There was no wind as I motored into the Sound on Wednesday morning.
My intention was to cross to Cawsand and anchor up for the night. Zephyrs began to ruffle the water and I could see that at least one yacht had some wind off the proposed anchorage (see featured image at the head of the post). I killed the engine, eased the sheets slightly and settled down to a peaceful sail.
The inshore waters forecast for Wednesday and Thursday had read:
For coastal areas up to 12 miles offshore from Wednesday 15 July 2015 at 0600 UTC until Thursday 16 July 2015 at 0600 UTC
A slack ridge of high pressure covers the United Kingdom today and much of tomorrow, but an area of low pressure is expected to affect northern and western parts of the country tomorrow night.
Lyme Regis to Lands End including the Isles of Scilly
24 hour forecast – Wind: Southwesterly 2 or 3, veering northeasterly 4 or 5 later west of the Lizard, becoming variable 3 or less elsewhere. Sea state: Slight or moderate, occasionally smooth later. Weather: Occasional rain or drizzle, fog banks. Visibility: Moderate or good, occasionally very poor.
Outlook for the following 24 hours – Wind: Variable 4, becoming southerly 4 or 5, then veering southwesterly 5 or 6 later. Sea state: Smooth or slight, becoming moderate except in shelter, then becoming rough later west of Lizard. Weather: Occasional drizzle and fog patches, becoming fair later. Visibility: Moderate or good, occasionally very poor until later.
The problem I faced when I got there was that the wind at the anchorage, despite the forecast, was not from the south west but from the east and, according to the “Meteo” app on my mobile, was veering to east south east, which was not a good direction for anchoring in Cawsand. Nevertheless, the wind, although it had increased, was still relatively light and I was intending to leave early the following morning.
I wanted to spend the night here for two reasons, firstly, the subject of my last post and, secondly, its historic associations with the Cawsand Bay Pilots. This is where the pilots that met the ships of the eighteenth and nineteenth century were based – (others were based at Turnchapel). I can’t do better than recommend Tony Carne’s account of their story. He makes the point about the anchorage being exposed to the south east – and the storm at the beginning of 2014 emphasised this, but I felt that the pilots would have thought nothing of today’s wind. Later in the evening, a fishing boat picked up a mooring and the crew rowed ashore much as the pilots would have done. Their boat was gone in the morning.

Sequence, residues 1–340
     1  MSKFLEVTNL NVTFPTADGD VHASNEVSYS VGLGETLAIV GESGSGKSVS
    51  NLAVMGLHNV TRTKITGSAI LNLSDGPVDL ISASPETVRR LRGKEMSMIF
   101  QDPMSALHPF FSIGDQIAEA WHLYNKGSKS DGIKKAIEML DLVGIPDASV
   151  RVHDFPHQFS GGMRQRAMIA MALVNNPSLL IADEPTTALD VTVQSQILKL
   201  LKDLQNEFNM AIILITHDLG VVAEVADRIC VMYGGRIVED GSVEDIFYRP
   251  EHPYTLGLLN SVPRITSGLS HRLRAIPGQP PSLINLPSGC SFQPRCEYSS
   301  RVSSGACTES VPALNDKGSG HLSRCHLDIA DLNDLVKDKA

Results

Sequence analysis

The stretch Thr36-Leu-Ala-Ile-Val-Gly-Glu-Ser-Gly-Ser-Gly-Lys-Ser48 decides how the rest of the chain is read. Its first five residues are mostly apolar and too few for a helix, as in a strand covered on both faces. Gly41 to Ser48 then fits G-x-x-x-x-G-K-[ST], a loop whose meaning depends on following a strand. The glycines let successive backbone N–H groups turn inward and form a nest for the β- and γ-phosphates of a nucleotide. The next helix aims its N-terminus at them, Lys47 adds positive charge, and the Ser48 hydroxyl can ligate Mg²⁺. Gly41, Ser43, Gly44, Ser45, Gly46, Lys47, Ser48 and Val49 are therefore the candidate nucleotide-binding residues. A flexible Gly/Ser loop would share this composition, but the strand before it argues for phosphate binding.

The point about this anchorage is that you are rarely alone. When I arrived there were several boats which had obviously anchored up for the day. When they left later in the afternoon, I moved to a slightly more comfortable spot – it was only slightly more comfortable!
A subtext to the day was that anchoring up early meant that I could put time into reading – (“Kinsale Harbour: A History” by John Thuillier – a book I recommend to anyone interested in maritime history. I started it because we are visiting Kinsale next week and became fascinated by the way it dovetailed into the maritime history of the Westcountry).
There was no shortage of interest around the boat – Penlee Point used us as buoy, the swimmers passed in a long line seawards, returning twenty minutes later:
(Click on any image to view gallery)
On Thursday morning the wind was rising from the south east and a more distinctive popple forming, so I got away early – a longish starboard tack towards Fort Picklecombe, then straight out the western entrance passed the Drascombe Ledge mentioned in Tony Carne’s article above.
I planned to be back on the mooring by around 1400. The wind had risen a little more and I reckoned I could make my waypoint set at 5 miles due south of the Breakwater and back in plenty of time. In the event, I missed the waypoint by only 10 foot which pleased me as it is easier said than done.
It drizzled a little on the way out and the visibility was reducing, so that, when I went about, The Breakwater, Plymouth, Devon and Cornwall were all hidden by the murk. It was a case of working out a course (this time from the gps) and following it. 030 got me to a point south west of Shag Rock, 000 put me through the eastern entrance. The murk had cleared by the time I was three miles off but it was a good exercise in keeping to the calculated course and assessing the result.
(Images by Bill Whateley)